Rebel’s Writing Tips: Balancing an Intense World with a Story

Let’s say you’ve followed all my tips and tricks for world-building and now have the most robust and epic world for your story.  You’ve got a handful of cultures, you’ve got one-of-a-kind settings, and you even have a cast of characters from each and every location.  However, your world is so complex that you aren’t sure how to handle conveying the entire world to the readers of your story.  What do you do?

First off, fear not.  You are not alone and every world-building writer struggles with this issue at some point.  Even if you’ve checked out my post on integrating world and story, if there’s a lot of world on your plate it can still be a monumental and overwhelming task.  Some writers create worlds so vast that it takes an entire separate codex to convey every little detail written.  However, even this still leaves one in a difficult situation when balancing the depth of the world with the story.  As such, I’m going to walk you through five simple tips that you should bear in mind when writing your story and complex world together.  By following these, you should be well on your way to making sure your world doesn’t overwhelm while still being present.

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Rebel’s Writing Tips: Creating a Fantasy Calendar

For fantasy writers who get super into world-building, calendars are often a shiny element that many want to dive into creating.  After all, time dictates a lot of our lives, so what easier way is there to make a world feel unique?  There is also the simple fact that, unless set on Earth, there is no particular reason for a fantasy world to follow our time scale and divisions.  As such, despite being somewhat superfluous, calendars are a tempting aspect to delve into.

At the same time, though, many writers also get stumped by how to create them.  How many days per week?  What about hours per day?  Where should I put holidays?  There are a slew of issues to consider.  Thusly, today I wish to give you a step-by-step guide you can follow on your journey to make a calendar.  Of course, this is not a strict “do it this way” sort of ordeal, as you should tackle it in whatever order works for you.  However, I have tried to cover all the basics and put it in a sort of logical order that anyone can adjust to their needs.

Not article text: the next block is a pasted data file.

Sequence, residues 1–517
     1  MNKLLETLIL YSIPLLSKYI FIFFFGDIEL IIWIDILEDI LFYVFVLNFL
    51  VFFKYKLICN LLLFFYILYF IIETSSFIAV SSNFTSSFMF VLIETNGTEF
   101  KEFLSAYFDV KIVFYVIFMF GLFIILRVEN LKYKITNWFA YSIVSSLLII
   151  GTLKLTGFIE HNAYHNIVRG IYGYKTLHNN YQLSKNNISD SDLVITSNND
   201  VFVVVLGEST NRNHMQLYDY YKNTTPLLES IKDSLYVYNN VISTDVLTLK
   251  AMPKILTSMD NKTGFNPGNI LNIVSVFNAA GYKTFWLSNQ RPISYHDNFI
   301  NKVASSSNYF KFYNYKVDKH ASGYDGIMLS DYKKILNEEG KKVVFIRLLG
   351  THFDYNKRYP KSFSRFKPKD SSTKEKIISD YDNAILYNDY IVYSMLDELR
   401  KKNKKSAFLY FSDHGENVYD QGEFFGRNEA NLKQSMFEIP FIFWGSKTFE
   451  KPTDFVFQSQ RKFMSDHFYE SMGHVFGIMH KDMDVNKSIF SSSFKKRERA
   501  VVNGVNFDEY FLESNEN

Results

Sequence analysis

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Some Thoughts on “The Colour Out of Space”

The Colour Out of Space is an intriguing tale by H.P. Lovecraft that attempts to combine two different genre aspects into one coherent story.  On the one hand, it addresses our fears of space and how we may not understand everything that comes from it.  On the other hand, it features our fear of what might lie underground in the dark that we can neither see nor comprehend.  The elements work together wonderfully.  Yet, there are also a few smaller elements worth discussing, as their presence adds a true terrifying “what if” prospect.  As per usual, this is merely my own interpretation of the story.

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Rebel’s 5 Tips for Dealing with Social Anxiety

Like a lot of people, I suffer from some moderate social anxiety.  I have an extreme fear of talking to people on the phone, I freak over minor stuff like having to ask an authority figure a question, and I am the worst interviewer because of how nervous I get.  Yet, I am admittedly a lot better than I used to be ten years ago when my social anxiety was extremely crippling.  Even when you know your social anxiety is preventing your success, it can be a hard thing to improve upon.  However, today I would like to tell you it is possible to work at it and, over time, be less held back by it.  Thus, I’m going to give you my personal tips that have helped (and still help) me overcome my problems with social anxiety.

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Some Thoughts on “Love of Life”

“Love of Life” by Jack London is one of those stories you come away from completely horrified.  There are certain types of scenarios we know exist, and yet our minds often choose not to dwell on them.  To do so would mean to accept the true, horrific experience they would be.  “Love of Life” chooses to dwell on one of these scenarios, in this case what almost starving to death is like.  However, within this tale we examine a dark take on what it means to survive by all means necessary and what we may lose in the process.  As always, the following is my own interpretation of the story and not the only interpretation possible.

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RV Movie Reviews: Solo: A Star Wars Story

Warning: Spoilers ahead for Solo: A Star Wars Story.  Read at your own peril.  This is your chance to click away.

 

 

As I mentioned in my review of The Last Jedi, I don’t see many movies.  However, I make exception for Star Wars, because it’s, well, Star Wars.  Going in though, I never expect much, as the newer Star Wars films are extremely flawed.  Not unenjoyable per say, but technically flawed in many ways.  So, what then did I think of Solo: A Star Wars Story?  Let’s run through my thoughts and feelings, and I’ll tell you just that.

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